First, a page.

Yeah, I will feel fulfilled and everything will be cool. So, um, when that doesn't happen, you know, you really question yourself and it kind of throws your mind into a little bit, a bit of a war because you're like, OK, so you know, and efficient at my job, you know, I'm making good money, yet I don't feel at peace. So every day after work, I would pretty much come home and just think about life and my mission here and what I could do and what I was doing and why I wasn't fulfilled.
And I would pretty much spend hours on the Internet just trying to research and learn what other people were doing and what other kinds of projects had had had a positive impact in the world.
And so your spirit, it's like this one side. You're like the culturally, you're following that what we are we're told and I'm kind of programmed, you think that the that's the route that we should take. It's going to fulfill us. But then your spirit was kind of. Over here looking for that deeper sense and investigating a deeper sense of purpose, and you started working that on the side a little bit.
Yeah, yeah. It was just there was a mismatch in internal frequency. Yeah. I think that would be the best way to say it. And it's hard to pinpoint, identify exactly what it is. But to me, the more I research in it, you know, I looked at a lot of non-profits and said, you know what, maybe I'll take my skills for non-profit. Um, maybe, you know, I'll make less money, but I'll be doing something good.
It just something kept pushing me that way to do more research, learn more and more about who were doing what. And I think somehow. I came upon a nonprofit that you were involved with, I think it was rain catcher. Yeah, you remember that one?
Of course I do, yes. On the board for that, we got clean water to five, six hundred seven hundred thousand kids. Yeah. In Africa.
So I read about it and I thought it was amazing. Just another example of an entity with a mission, with a purpose to create a positive impact in the world. And I think I must have skimmed through who the board members were. And I saw you on there and I read a little bit about your bio and somehow I found you on Facebook.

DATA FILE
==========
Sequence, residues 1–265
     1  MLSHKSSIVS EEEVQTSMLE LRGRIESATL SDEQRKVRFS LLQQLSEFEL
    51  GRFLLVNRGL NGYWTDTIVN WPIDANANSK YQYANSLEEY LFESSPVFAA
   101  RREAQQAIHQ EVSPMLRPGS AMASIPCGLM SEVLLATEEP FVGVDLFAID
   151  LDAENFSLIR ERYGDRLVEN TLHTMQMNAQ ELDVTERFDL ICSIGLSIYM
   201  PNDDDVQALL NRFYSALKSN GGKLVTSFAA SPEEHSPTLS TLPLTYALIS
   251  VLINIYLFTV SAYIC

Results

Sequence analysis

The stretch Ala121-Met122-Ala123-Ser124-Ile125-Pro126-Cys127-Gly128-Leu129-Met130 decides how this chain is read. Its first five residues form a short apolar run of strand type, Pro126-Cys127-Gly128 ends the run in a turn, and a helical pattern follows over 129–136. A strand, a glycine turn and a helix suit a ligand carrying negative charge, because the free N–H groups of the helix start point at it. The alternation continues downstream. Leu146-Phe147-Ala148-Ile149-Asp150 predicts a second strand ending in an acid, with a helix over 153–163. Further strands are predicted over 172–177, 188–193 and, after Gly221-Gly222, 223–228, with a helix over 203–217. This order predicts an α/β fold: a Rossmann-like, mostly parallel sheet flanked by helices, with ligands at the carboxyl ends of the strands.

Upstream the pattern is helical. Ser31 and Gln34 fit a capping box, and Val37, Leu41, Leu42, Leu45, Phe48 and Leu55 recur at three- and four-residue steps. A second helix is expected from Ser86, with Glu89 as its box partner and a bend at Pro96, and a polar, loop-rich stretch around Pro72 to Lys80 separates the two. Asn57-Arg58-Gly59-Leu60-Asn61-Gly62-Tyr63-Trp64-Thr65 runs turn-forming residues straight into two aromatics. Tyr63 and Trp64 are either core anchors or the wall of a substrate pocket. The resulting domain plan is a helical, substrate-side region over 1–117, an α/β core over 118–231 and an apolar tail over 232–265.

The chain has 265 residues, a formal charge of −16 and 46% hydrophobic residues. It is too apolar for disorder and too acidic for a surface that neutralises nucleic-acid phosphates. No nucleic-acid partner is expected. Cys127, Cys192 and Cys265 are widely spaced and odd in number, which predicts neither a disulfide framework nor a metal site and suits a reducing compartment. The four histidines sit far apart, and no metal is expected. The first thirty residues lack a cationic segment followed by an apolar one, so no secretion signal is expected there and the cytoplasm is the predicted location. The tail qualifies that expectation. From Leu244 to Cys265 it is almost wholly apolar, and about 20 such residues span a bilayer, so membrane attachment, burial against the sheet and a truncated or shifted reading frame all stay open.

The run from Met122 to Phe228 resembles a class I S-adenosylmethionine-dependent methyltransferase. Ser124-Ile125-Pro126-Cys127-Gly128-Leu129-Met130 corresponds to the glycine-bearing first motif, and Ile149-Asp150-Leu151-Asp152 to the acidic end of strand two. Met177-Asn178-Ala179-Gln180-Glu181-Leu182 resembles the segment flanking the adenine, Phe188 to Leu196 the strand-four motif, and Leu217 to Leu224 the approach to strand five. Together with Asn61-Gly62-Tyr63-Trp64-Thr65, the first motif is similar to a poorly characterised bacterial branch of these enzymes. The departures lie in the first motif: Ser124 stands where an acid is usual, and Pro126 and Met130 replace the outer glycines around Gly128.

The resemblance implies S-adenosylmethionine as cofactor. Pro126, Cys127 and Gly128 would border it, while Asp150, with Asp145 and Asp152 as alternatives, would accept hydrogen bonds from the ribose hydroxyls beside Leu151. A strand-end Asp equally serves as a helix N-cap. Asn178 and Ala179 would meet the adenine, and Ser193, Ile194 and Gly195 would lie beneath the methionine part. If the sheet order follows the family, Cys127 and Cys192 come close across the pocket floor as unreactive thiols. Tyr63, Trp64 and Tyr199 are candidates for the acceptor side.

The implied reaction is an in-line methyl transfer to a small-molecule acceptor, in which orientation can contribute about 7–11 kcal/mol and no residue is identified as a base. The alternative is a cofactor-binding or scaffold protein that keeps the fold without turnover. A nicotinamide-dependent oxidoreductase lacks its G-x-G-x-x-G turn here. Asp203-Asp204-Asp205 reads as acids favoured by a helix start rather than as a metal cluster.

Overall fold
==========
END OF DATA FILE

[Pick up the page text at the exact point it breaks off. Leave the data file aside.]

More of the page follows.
Right. And I added you as a friend, but didn't say anything because I got this a cool dude who looks like he's doing something good with his life. It seems like he has a purpose. And that was the end of it. And that must have been I don't remember the exact year and how maybe it was twenty twelve thousand thirteen or something like that. Fast forward a couple of years. You know, unfortunately, I was still in the same situation.
Still searching and looking and at the time. Also thinking about leaving Brazil, you know. And I took a trip to a town in Brazil called Alta Paris, which you very well know.
I love that it's the name literally translates to Hi Paradise. And it is every bit of that. Yeah. And this place for for your listeners who don't know about it, it's it's it's really a hidden gem in the world. It sits on a plateau dead in the middle of the Sahara, and it's a funky town with a very mystical and spiritual vibe to it.
So this place has this underground system of caves and these crystals and it's, you know, and energetically and waterfalls and like, incredible.
I mean, we went into this incredible Garden of Eden, like places where we're the only ones there. It's as if heaven just opened up and we just got to, you know, experience heaven a little bit in these areas. And it is just absolutely stunning.
Yeah, extremely lush. A lot of amazing hiking through canyons, through mountains, hundreds of waterfalls, a lot of water around there. And it's a place that it's funny because it attracts a lot of people from around the world and a lot of Europeans go there. A lot of people from Asia go there because it has this holistic vibe to it. And with that, there's also a lot of ayahuasca ceremonies, peyote ceremonies and spiritual ceremonial ritual ceremony. Exactly.